042922 Trinity Eco-Tours Iceberg Tour, Trinity, NL

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When m’lady and I were traversing Conception Bay on what turned out to be our final house-hunting trip to Newfoundland we were spoiled with views of distant icebergs pretty much every time we got within sight of the ocean, which was often.  We saw so many in those four or five days that when we encountered an especially majestic ‘berg grounded in the harbour at Cupids just a hundred feet from shore, well, we barely stopped the car.  We certainly didn’t bother digging out the camera.

Then during our first Spring living here on the island we snoozed on a huge ice mountain that had parked itself aside our favourite little brewpub town of Port Rexton.  We’d see it on the news or see pictures online and say things like, “Maybe we should take a road trip and check that out,” or “Can’t wait until a big one like that settles somewhere closer to the house,” and before we knew it the thing split in half and soon vanished.  So at our next opportunity we drove an hour ‘round the bay to Sibley’s Cove and made do with a rather flat and boring iceberg that we found bobbing just off the shore.  Then 2021 proved to be an abysmal year for icebergs (I didn’t know there would be good years and bad years), so that nondescript icy platform we saw in Sibley’s Cove has been our only iceberg sighting since moving to Newfoundland.

Which surprises me.

So when the Great Reopening of 2022 coincided with a very active and early iceberg season we decided to strike while the iron was hot.  There were notable ‘bergs around Twillingate and Bonavista along with a huge, gorgeous monstrosity that had nestled up against Triton.  Boat tours abounded.  With soaring gas prices we hummed and hawed for a few moments trying to figure out how to justify a twelve-hour round trip when I came across a tour operator called Trinity Eco-Tours.  Trinity is only two-and-a-half hours away and it’s right next to that favourite brewpub town of ours, Port Rexton.  I picked up the phone and spoke to Skipper Bob who told me there were currently three icebergs in the area and he had room for us on his tour boat the following day at 1pm.  I passed the phone to m’lady and her credit card and quickly googled to ensure that our nearby brewpub was indeed open for business.  It was.  A few clicks later she had booked us a room for the night at the wonderful Fisher’s Loft and dinner reservations too, so just like that we were all set.  The next morning – April 29th, 2022 – we got up early and packed in a hurry, leaving the house just after 9am.

As we drove through an ever-thickening fog I became less worried that I had underpacked for a three-hour Zodiac tour through the North Atlantic.  It was a drizzly two degrees out and I hadn’t even brought gloves.  But no matter (thought I), there’s no way the boat will go out in fog this thick.  We discussed it during the drive and both m’lady and I were both fine with the idea of just having the day in Port Rexton if the boat wasn’t going out.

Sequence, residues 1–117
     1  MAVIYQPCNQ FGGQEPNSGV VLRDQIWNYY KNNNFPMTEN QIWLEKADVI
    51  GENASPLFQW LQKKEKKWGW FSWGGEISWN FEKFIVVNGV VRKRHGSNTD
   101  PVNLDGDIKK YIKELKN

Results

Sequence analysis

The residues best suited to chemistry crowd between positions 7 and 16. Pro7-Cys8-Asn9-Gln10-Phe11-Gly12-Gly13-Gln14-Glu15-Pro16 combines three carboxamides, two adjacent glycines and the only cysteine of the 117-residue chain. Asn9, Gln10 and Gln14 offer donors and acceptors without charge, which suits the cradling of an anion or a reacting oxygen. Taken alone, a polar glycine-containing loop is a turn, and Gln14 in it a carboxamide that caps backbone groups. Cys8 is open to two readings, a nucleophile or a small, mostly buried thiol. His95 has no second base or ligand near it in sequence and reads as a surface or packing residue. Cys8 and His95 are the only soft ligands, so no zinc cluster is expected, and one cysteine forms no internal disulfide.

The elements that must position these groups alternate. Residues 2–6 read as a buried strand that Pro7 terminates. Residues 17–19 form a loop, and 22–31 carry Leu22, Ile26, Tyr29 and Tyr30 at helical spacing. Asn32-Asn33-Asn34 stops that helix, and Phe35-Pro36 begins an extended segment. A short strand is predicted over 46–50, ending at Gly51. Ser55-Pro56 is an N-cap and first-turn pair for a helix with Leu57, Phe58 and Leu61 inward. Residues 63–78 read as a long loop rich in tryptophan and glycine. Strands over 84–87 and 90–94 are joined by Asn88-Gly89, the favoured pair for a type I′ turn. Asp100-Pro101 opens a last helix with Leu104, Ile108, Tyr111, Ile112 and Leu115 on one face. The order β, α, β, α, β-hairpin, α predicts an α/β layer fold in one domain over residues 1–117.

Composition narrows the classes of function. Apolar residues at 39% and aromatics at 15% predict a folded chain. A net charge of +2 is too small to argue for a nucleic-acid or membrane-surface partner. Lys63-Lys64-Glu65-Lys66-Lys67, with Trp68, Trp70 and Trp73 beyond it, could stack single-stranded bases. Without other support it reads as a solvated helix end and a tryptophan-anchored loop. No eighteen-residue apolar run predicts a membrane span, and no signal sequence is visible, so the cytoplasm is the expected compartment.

Spoiler alert: the boat went out, and yeah, it was cold.  Luckily Skipper Bob loaned me a thin pair of work gloves lest I wouldn’t have survived it.

As requested, we arrived at Trinity Eco-Tours a half-hour early where we were greeted with hot coffees and tasty muffins.  Skipper Bob strummed Pink Floyd and Extreme songs on his Ovation guitar as a half-dozen of us trickled in to his seaside cafe.  Skipper Bob’s assistant Skipper Steve introduced himself and did most of the talking while we waited for some others to arrive (I tired of the “Skipper” stuff right away but I played along).  Eventually S. Steve took us out back and outfitted everyone with floatation/warmth body suits.  Inexplicably, mine and m’lady’s outfits were coloured ocean-grey, whilst everyone else’s suits were coloured standout-orange.  

We ended up waiting about an hour or more for a group of five to arrive.  When they finally pulled in (without a word of apology or explanation to anyone, but that’s fine) they got suited up and we all hopped into a mini-bus.  Skipper Bus Driver Bob drove us about forty-five minutes down* to Catalina, where we parked at the pier and transferred ourselves to Bob’s boat to begin our three-hour tour.

It was one of those hard-inflatable oversized dinghy’s, maybe twenty-two feet long or so with two 150cc outboard engines on the back.  We were assigned our spots in the boat according to weight distribution and m’lady and I ended up in the front two seats.  Behind us was the group of five, then an open booth that held the steering wheel where our two Skippers stood, with the final four sightseers sitting aft of them.  Each of us were seated on our own bouncy chair, rather like a motorcycle seat that was attached to the floor by a single, shock-absorbing stem.  The chairs featured a rounded metal bar to hold on to that was shockingly perfect for teeth-bashing.  Overall it felt very much like a midway ride with no safety belt.  The seats were pretty comfortable, but proved to be no match for the hammering waves we experienced on the way out.  

Once we puttered out of the harbour and headway into the wind the front of the boat started slamming down off of the continuous waves.  After a handful of neck-jarring concussions I remembered my snowmobile-jumping exploits as a youth and began standing up with each crashing wave, using my legs to absorb the shock.  It worked perfectly and made the ride super-fun.  Talk about a ride at the midway; I was giggling out loud!  I leaned over and suggested m’lady do the same and I soon heard her yell over the din, “That’s much better!”  Though she didn’t seem to be having quite as much fun as I was.